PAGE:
© 2024 Blue Ridge Public Radio
Blue Ridge Mountains banner background
Play Live Radio
Next Up:
0:00
0:00
0:00 0:00
Available On Air Stations

Eric Montross, a former UNC and NBA big man, dies at 52 after cancer fight

FILE - From left, North Carolina's Eric Montross, Donald Williams and Pat Sullivan smile as they hold hands and sit out the last seconds of their overtime victory against Cincinnati at the NCAA East Regional Final in the Meadowlands Arena on March 28, 1993 in East Rutherford, N.J. Montross, the former North Carolina and NBA big man, has died after a cancer fight, his family said. He was 52. The school released the family's announcement Monday morning, Dec. 18, 2023 saying Montross died Sunday surrounded by loved ones at his Chapel Hill home. He had been diagnosed with cancer in March, leading to him stepping away from his duties as a radio analyst for UNC game broadcasts. (AP Photo/Charles Rex Arbogast, file)
Charles Rex Arbogast/AP
/
AP
FILE - From left, North Carolina's Eric Montross, Donald Williams and Pat Sullivan smile as they hold hands and sit out the last seconds of their overtime victory against Cincinnati at the NCAA East Regional Final in the Meadowlands Arena on March 28, 1993 in East Rutherford, N.J. Montross, the former North Carolina and NBA big man, has died after a cancer fight, his family said. He was 52. The school released the family's announcement Monday morning, Dec. 18, 2023 saying Montross died Sunday surrounded by loved ones at his Chapel Hill home. He had been diagnosed with cancer in March, leading to him stepping away from his duties as a radio analyst for UNC game broadcasts. (AP Photo/Charles Rex Arbogast, file)

CHAPEL HILL, N.C. (AP) — Eric Montross, a former North Carolina and NBA big man, has died after a cancer fight, his family said. He was 52.

The school released the family's announcement Monday morning, saying Montross died Sunday surrounded by loved ones at his Chapel Hill home. He had been diagnosed with cancer in March, leading to him stepping away from his duties as a radio analyst for UNC game broadcasts.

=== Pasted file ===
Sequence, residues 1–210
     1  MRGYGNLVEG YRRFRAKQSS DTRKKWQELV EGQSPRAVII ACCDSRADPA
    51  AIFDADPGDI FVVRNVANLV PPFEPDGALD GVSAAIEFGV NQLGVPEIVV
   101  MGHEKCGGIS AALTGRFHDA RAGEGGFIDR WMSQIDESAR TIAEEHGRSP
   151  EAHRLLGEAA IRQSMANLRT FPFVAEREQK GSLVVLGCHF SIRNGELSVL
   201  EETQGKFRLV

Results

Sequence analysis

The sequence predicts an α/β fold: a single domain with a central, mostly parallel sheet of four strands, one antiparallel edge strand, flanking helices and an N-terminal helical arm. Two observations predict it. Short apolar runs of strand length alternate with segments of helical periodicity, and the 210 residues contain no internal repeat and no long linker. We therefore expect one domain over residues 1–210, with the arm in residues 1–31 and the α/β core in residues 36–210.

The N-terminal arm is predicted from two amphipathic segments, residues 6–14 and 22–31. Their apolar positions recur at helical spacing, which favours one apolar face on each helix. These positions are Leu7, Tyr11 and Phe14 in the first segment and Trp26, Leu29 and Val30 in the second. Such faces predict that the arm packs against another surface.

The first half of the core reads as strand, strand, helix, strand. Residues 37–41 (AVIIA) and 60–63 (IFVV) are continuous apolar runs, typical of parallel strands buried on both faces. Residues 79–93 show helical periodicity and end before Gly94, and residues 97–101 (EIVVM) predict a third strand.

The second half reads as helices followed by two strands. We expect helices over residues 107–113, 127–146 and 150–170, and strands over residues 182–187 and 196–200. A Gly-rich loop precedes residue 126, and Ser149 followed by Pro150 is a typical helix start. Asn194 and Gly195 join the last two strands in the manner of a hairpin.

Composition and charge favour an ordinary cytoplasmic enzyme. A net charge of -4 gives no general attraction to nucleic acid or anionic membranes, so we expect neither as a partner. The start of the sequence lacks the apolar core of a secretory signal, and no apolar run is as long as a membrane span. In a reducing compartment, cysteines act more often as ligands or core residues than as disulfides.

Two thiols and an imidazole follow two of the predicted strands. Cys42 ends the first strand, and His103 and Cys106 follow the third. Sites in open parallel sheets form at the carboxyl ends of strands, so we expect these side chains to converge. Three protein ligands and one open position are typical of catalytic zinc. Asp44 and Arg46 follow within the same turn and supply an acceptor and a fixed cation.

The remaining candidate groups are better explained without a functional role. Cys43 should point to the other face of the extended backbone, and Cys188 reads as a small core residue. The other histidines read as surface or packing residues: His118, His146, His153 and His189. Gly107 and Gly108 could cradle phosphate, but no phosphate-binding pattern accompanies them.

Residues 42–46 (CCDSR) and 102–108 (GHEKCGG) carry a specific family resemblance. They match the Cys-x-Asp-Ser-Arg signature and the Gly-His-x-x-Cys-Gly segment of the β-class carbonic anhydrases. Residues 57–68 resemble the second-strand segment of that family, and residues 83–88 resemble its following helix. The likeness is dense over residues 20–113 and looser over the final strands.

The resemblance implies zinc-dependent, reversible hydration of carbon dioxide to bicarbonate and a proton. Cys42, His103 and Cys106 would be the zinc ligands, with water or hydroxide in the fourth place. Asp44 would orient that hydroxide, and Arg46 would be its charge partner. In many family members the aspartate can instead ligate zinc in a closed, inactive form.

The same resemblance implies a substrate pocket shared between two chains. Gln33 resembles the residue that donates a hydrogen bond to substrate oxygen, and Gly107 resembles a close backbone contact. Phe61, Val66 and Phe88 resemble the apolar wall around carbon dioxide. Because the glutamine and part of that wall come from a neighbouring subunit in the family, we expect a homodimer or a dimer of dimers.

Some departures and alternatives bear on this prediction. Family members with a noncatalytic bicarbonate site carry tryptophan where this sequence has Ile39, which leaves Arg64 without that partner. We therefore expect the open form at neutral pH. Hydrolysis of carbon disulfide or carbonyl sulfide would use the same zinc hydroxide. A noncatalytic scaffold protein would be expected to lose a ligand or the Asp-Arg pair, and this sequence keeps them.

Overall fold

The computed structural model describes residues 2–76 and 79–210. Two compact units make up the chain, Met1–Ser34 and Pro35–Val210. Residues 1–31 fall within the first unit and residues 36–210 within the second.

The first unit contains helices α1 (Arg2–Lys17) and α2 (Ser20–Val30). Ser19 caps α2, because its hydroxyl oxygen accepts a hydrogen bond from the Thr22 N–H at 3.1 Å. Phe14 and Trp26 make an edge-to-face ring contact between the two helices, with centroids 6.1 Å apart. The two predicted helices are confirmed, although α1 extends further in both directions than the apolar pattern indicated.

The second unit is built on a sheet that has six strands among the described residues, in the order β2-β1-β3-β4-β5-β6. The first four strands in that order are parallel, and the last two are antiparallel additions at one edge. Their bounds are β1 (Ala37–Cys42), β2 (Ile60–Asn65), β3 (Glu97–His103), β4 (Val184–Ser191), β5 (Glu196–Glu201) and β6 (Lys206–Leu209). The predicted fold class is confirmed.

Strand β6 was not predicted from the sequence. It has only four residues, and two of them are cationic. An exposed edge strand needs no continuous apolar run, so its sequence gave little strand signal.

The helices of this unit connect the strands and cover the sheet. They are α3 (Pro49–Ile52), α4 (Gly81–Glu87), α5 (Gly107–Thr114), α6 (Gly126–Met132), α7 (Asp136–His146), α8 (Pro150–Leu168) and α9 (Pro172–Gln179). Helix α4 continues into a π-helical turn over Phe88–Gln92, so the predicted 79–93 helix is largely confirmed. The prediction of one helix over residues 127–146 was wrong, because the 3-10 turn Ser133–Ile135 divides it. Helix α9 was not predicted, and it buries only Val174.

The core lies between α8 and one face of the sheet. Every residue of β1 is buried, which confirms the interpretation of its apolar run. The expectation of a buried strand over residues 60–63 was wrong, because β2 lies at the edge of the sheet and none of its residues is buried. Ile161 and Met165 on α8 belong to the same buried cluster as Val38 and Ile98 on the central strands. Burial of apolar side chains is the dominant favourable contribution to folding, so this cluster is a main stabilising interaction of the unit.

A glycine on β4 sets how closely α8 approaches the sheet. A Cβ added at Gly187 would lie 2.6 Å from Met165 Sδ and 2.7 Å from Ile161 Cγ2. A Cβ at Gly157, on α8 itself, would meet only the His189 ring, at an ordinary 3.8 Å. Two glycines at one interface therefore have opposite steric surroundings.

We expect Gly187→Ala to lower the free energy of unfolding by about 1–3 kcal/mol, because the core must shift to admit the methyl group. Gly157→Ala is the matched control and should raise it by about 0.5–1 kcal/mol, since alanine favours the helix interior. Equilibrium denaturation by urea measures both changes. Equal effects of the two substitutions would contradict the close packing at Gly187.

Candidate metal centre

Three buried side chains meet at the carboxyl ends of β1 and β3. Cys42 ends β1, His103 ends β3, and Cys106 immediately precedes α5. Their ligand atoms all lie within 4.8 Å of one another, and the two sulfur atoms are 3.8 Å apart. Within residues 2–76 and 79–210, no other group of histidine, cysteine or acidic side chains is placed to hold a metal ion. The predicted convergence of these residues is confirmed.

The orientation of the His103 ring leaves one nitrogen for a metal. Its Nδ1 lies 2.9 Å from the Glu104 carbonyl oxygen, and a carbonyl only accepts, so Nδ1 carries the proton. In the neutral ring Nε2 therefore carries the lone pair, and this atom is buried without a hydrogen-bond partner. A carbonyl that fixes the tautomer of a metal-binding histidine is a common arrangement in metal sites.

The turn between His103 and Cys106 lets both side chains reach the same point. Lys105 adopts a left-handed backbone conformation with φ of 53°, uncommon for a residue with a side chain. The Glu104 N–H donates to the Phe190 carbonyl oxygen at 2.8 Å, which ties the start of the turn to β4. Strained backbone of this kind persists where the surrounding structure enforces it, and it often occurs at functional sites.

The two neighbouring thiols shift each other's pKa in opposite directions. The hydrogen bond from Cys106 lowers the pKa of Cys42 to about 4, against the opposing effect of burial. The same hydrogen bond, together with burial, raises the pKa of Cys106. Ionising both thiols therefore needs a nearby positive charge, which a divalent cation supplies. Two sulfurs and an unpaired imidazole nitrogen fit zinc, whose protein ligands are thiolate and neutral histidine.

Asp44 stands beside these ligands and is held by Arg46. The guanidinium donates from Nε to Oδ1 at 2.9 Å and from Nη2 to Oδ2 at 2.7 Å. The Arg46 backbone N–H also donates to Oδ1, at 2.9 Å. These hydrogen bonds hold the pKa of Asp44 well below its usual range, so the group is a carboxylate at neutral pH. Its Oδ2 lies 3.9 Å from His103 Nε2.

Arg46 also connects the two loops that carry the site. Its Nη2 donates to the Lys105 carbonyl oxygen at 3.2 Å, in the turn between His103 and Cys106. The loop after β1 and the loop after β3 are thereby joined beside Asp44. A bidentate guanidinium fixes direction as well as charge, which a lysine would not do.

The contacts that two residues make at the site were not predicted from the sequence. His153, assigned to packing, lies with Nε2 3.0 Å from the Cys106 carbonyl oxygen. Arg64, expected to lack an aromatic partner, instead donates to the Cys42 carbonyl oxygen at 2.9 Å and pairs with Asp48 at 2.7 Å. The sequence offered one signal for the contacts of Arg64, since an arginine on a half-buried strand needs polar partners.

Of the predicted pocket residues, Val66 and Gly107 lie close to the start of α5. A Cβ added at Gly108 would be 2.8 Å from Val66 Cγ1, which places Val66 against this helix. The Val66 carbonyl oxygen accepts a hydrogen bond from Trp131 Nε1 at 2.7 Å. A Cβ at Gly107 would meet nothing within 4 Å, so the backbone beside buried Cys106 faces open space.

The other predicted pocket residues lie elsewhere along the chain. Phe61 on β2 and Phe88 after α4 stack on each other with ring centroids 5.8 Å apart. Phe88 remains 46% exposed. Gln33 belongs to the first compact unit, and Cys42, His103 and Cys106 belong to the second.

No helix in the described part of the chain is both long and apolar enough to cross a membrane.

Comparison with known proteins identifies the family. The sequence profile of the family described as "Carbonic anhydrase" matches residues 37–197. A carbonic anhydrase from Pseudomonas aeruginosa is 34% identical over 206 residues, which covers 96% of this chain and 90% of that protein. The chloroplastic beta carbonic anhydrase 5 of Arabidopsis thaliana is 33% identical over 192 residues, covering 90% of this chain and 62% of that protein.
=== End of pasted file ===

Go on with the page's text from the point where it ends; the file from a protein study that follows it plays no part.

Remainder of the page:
“To know Eric was to be his friend, and the family knows that the ripples from the generous, thoughtful way that he lived his life will continue in the lives of the many people he touched with his deep and sincere kindness,” the announcement said.

Montross played for the Tar Heels under Dean Smith from 1990-94 and was a two-time Associated Press second-team All-American. He started on Smith's second NCAA championship team in 1993 before being the No. 9 overall pick by the Boston Celtics a year later and playing in the NBA until 2002.

In addition to his broadcast duties, he worked as senior major gifts director at the Rams Club, the fundraising arm of UNC's athletics department. He was also known for charitable efforts, such as helping launch a father-child basketball camp for Father's Day weekend to support the UNC Children's Hospital.

“Eric was a great player and accomplished student, but the impacts he made on our community went way beyond the basketball court," the school said in its own statement. "He was a man of faith, a tremendous father, husband and son, and one of the most recognizable ambassadors of the University and Chapel Hill.”

The family announced Montross' illness when he was diagnosed, but didn't specify the nature of the cancer.

The Associated Press is one of the largest and most trusted sources of independent newsgathering, supplying a steady stream of news to its members, international subscribers and commercial customers. AP is neither privately owned nor government-funded; instead, it's a not-for-profit news cooperative owned by its American newspaper and broadcast members.